Stress. Ask any student if they’ve experienced it, and the answer will most likely be a resounding yes.
Defined by the Oxford Dictionary as “a state of mental or emotional strain or tension resulting from adverse or demanding circumstances,” stress is prevalent affliction students can oftentimes fall susceptible to – especially if they aren’t yet equipped to cope with it, said Talia Singer, a mental health counsellor for Yorkville University and Toronto Film School.
“Stress is a very common human experience. It’s in our DNA, and it’s borne out of the idea of protection, so when we feel that we’re in danger, our body responds in a very specific way: our heart starts to beat really quickly, and our breathing starts to increase,” she said.
“Stress is a really common issue in college and university students because we’re dealing with so much: finances, academics, our family relationships, and friends outside of school. So, it’s probably the number one issue that we all deal with.”
In fact, according to the most recent National College Health Assessment, more than 60 per cent of Ontario post-secondary students surveyed in 2016 reported having experienced stress levels ranging from ‘more than average’ to ‘tremendous’.
A further 89.2 per cent of the more than 25,000 students surveyed reported feeling overwhelmed by all they had to do, 65.4 per cent said they’d felt “overwhelming anxiety” in the past 12 months, and 42.9 per cent cited stress as a factor that negatively impacted their academic performance.
In honour of National Stress Awareness Day on April 16, Singer sat down with Toronto Film School Student Advisor Zac Schraeder to answer some of students’ most commonly Googled questions about stress.
- How common is it for college and university students to struggle with stress-related mental health issues?
Singer: Stress is a really common issue for people in general. In fact, most of us feel stress on the daily. The question is: how often does the stress remain at a high level and interfere with our day-to-day lives? We looked up some statistics around this, and probably three-quarters of college and university students experience stress on a regular basis, but when it becomes problematic – meaning when the stress is starting to interfere with your daily life – that’s when it’s time to get it addressed.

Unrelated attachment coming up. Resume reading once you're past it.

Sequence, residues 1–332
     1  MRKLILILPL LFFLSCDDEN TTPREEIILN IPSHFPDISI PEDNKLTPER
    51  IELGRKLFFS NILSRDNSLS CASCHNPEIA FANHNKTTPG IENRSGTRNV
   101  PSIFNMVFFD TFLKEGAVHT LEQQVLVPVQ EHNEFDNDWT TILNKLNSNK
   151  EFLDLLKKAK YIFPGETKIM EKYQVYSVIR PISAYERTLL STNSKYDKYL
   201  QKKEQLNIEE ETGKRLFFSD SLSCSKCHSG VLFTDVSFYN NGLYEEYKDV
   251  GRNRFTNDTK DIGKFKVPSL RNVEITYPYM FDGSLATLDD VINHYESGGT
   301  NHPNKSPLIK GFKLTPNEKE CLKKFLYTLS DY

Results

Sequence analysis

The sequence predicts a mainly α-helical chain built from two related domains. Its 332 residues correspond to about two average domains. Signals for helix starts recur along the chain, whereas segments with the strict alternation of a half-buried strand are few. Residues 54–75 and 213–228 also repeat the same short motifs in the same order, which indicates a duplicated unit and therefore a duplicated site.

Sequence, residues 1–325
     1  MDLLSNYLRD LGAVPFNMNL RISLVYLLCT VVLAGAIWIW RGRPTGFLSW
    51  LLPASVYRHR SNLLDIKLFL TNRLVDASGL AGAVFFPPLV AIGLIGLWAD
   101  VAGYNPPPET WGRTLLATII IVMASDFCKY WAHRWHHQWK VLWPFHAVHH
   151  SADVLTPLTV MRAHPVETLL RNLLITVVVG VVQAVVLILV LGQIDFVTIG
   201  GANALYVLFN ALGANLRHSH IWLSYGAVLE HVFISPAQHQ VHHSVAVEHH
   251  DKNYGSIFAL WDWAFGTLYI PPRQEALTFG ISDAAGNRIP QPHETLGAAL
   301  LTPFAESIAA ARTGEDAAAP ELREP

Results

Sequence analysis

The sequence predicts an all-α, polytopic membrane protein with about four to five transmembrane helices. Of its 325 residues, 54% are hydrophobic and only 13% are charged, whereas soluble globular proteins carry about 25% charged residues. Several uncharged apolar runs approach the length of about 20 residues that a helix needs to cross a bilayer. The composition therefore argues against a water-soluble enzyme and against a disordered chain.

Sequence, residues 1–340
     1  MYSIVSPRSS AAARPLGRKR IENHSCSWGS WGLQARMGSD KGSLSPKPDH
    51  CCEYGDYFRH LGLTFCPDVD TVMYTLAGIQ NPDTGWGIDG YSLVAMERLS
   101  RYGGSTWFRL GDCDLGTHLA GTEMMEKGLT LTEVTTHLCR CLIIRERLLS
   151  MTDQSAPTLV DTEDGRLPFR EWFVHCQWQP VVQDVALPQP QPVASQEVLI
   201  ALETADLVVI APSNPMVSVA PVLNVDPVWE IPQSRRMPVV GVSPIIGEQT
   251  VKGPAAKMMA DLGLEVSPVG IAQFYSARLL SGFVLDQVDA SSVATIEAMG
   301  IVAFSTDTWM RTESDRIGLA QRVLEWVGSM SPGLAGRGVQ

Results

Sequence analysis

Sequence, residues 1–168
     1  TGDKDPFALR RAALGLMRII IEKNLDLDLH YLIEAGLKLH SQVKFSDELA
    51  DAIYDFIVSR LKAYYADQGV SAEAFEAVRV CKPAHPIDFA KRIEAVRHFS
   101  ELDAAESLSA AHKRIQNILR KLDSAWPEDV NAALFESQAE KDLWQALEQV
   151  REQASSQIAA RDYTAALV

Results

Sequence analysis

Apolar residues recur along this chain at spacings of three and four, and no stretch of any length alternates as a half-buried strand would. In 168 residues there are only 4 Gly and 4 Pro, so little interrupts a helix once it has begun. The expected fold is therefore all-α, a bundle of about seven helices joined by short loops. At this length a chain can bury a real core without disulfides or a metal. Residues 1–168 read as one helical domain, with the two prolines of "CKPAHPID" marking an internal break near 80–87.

- What are some tips or coping mechanisms students can use for managing stress and anxiety while studying?
Schraeder: For me, studying involves knowing who you are. Some people do better studying with people; some people like to study more physically; some people like really ordered, organized environments in which to study…so knowing how you study is important so it’s effective. It also means eating healthy, being active so that your brain is ready to absorb all the information, and sleep. Sleep is so important, which is something not a lot of students get. There are also tons of resources available at school, like student services and counselling. Sometimes it seems like there’s a lot of stuff to do, but talking to someone and breaking it down into smaller parts really does help.
- What unique challenges do international students face in coping with school-related stress?
Schraeder: For international students, I think that school-related stress is compounded by being new in a new culture and a new country. Family and friends aren’t always around. We have students from all over the world and from different time zones…so it’s hard for students to have that support system around. International students often deal with isolation, culture shock, not knowing the language if English isn’t their first language, and that really impacts how well they do and the stress they feel. So, it’s important for international students to make friends with other people and be social.
- Is stress a mental health issue?
Singer: That’s a good question…Knowing that we all have these stressful events in our lives that we’re usually capable of dealing with, when does it become unmanageable?… If you notice that you’re starting to really retreat from other people and isolate yourself, to stop doing the things that you normally like to do, and don’t quite feel like yourself – that’s a warning sign that perhaps you should be talking to someone. Also, disruption in your sleep, disruption in your appetite, where you’re just starting to feel a bit hollow, and you’re wondering if there’s something up – yep, there’s probably something up, and it wouldn’t hurt to talk to someone.
- Where can students go for help if they need assistance in managing their stress?
Schraeder: Here at Toronto Film School and Yorkville University, there’s counselling that’s free and confidential… You can talk about whatever you want. A lot of students think that counselling is only for academic stuff, but it’s for anything. Because really, how you do outside of school, how you’re feeling outside of school, that impacts how well you do inside of school. So, counselling’s a good one. Talking to your teachers…is really good. They can help you kind of figure things out, maybe talk to you on your level. There’s also peer mentoring, there’s tutoring – schools have lots of resources to help, you just have to say something.
Singer: We also do referrals out to the community. If you need a family doctor for some reason, if you need a letter for academic accommodations, if you need help with getting legal advice, if you need help with housing and you need to find shelter – there are so many different ways in which student services and counselling can be helpful. So, don’t be shy and reach out…Just making the appointment with student services or with a counsellor is already a step in the right direction to doing something about it.
Toronto Film School and Yorkville University students wishing to book an appointment with a counsellor can do so at tfs.janeapp.com